Alexander Calder: Radical Inventor, Montreal Museum of Fine Arts (Musée des beaux-arts de Montréal)

On a Wednesday night, the Museum is slightly cheaper. Sort of. I say sort of, because for someone of my age, it is normally $23, Weds eve is $11.50. Simple, right? Not so fast – with that $23, you normally get access to the other galleries, but those are closed on a Wednesday evening. Price to enter if you want to go back some other time? $15. So if you have the time and inclination, pay the $23, remember it’s CAD, so more reasonable than the US (this is relevant if you have just come from the latter), and see the lot.

Calder exhibition poster

Still, one major exhibition may be enough, and if that’s what you want to see, this is the most cost effective. In case you are feeling guilty, they will ask if you want to donate as you pay, so you can make the price whatever you like (so long as it is a minimum of $11.50).

Montreal’s museum pricing is rather lovely – up to the age of 30, in many places you can get in for free. I like that, even though I don’t qualify. I can’t explain why that seems fine, when being able to get a working holiday visa only up to the age of 30 around the world seems less so, but still – good on you. Canada is just generally very civilised. On that note, apropos of nothing related to this post – US and UK airports, functional. Switching planes in Toronto – follow the sign to refreshments in the domestic terminal, and there is tea, coffee, soft drinks and snacks, all free, more substantial stuff there to buy. It all adds to my general feeling that this place is one of the world’s best-kept secrets. In the US, the educated will nod when you mention socialism, and suggest “it isn’t a dirty word!”, but the propaganda has got to them. Here, they can actually discuss it.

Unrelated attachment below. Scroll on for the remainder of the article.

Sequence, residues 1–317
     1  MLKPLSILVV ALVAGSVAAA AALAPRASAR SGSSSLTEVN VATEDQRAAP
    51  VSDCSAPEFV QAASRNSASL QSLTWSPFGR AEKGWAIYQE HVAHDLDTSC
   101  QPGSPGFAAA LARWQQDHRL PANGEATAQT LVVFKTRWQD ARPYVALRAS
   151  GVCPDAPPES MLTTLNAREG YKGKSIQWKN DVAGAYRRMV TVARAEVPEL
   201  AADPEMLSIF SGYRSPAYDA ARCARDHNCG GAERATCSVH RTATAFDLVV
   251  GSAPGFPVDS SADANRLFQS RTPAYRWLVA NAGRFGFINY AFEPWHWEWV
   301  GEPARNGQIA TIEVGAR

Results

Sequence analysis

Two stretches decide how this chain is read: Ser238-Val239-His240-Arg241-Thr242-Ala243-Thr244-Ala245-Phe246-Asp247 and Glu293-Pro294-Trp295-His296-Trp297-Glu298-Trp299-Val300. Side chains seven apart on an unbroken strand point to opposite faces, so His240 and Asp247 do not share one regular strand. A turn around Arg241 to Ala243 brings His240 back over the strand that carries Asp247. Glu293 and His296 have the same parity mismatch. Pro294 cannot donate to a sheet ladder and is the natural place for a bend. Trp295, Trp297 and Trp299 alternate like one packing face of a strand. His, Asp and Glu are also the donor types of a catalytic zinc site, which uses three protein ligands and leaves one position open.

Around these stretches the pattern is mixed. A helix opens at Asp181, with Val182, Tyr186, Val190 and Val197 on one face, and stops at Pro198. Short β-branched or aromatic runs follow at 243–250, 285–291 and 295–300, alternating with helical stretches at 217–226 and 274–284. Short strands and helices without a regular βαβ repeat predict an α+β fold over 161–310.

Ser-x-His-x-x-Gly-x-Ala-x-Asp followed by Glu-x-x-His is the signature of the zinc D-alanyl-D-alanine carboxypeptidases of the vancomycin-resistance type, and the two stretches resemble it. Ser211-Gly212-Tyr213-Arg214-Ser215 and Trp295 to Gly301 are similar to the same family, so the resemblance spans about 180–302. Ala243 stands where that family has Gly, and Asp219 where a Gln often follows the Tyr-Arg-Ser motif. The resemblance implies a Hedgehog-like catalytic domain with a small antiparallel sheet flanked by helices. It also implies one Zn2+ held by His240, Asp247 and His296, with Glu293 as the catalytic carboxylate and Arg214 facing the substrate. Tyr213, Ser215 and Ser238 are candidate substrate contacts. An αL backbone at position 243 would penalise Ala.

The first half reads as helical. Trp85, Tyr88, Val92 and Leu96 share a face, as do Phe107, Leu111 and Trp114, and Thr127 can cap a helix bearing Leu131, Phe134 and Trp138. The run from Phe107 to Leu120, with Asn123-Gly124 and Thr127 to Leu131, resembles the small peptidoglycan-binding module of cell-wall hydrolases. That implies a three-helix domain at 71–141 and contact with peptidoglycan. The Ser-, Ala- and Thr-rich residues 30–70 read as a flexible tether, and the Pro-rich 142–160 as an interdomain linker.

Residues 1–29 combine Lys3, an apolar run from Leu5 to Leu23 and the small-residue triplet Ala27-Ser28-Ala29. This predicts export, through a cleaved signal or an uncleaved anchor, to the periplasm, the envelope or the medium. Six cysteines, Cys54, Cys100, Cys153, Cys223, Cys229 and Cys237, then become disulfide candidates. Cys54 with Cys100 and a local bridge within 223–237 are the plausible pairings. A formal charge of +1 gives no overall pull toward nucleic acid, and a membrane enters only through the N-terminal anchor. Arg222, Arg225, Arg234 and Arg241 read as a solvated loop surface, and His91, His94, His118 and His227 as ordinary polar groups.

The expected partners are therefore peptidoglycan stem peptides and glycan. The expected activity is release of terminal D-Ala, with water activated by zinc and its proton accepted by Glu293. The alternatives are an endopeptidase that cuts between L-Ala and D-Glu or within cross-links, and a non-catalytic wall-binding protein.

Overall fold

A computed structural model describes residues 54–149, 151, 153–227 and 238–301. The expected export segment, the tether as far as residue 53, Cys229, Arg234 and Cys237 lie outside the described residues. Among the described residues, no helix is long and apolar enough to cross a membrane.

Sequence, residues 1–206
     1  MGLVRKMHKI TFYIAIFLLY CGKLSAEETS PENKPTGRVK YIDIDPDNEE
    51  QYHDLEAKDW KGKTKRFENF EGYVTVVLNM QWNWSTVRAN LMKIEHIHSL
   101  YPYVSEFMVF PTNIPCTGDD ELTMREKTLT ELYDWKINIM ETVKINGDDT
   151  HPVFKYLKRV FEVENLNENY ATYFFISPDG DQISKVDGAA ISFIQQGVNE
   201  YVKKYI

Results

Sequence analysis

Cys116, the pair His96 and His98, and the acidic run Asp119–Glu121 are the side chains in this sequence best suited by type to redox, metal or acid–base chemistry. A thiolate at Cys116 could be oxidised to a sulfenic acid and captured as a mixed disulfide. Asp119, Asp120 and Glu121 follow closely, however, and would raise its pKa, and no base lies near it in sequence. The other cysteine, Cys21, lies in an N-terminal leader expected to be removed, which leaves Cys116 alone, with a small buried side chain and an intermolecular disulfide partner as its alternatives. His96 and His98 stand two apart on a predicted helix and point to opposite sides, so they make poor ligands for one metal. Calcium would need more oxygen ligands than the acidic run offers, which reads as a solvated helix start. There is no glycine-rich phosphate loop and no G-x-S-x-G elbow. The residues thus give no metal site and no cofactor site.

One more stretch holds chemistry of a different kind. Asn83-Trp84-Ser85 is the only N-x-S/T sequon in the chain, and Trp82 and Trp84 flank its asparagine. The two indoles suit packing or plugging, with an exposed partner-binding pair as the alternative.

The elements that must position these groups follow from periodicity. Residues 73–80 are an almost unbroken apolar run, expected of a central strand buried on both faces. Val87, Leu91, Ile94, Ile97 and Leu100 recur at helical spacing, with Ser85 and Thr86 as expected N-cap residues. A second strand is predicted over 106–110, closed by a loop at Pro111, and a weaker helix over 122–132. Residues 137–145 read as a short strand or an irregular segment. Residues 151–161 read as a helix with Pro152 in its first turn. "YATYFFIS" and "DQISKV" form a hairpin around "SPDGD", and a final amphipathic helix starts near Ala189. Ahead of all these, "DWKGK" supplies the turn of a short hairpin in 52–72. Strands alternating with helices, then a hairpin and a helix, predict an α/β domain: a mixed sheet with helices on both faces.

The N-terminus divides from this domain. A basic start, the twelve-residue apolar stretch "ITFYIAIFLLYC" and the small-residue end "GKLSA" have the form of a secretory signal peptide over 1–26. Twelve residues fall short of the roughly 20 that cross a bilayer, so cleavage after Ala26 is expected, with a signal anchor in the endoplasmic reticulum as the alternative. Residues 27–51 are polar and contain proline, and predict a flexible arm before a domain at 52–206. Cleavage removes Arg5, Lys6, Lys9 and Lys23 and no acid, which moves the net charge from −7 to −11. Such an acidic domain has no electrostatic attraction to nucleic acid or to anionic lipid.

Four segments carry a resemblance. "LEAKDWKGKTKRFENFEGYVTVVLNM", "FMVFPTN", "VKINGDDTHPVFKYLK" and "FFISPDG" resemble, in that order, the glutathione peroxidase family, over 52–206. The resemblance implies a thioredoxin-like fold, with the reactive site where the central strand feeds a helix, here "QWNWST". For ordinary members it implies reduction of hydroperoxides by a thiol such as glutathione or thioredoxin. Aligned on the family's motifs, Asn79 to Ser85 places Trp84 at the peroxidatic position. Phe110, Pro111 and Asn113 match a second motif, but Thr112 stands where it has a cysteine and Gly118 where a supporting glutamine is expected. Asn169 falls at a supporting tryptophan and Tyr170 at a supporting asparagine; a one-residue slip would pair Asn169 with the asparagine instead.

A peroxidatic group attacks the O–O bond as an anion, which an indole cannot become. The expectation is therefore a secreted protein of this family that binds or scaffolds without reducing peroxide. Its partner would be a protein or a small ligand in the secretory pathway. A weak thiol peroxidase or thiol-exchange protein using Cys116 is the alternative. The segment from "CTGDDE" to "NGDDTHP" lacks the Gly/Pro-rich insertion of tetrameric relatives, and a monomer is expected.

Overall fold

Arbitrary measures of civilisation aside, any city with a well kept Fine Art museum has something going for it, and this is a fine one. I don’t know enough about Calder to offer commentary, so know just that I gleaned this from the exhibition: he invented the mobile, and introduced the idea of large-scale public whimsical sculptures. Wikipedia is likely to do a better job than I can manage. But I took some photos.

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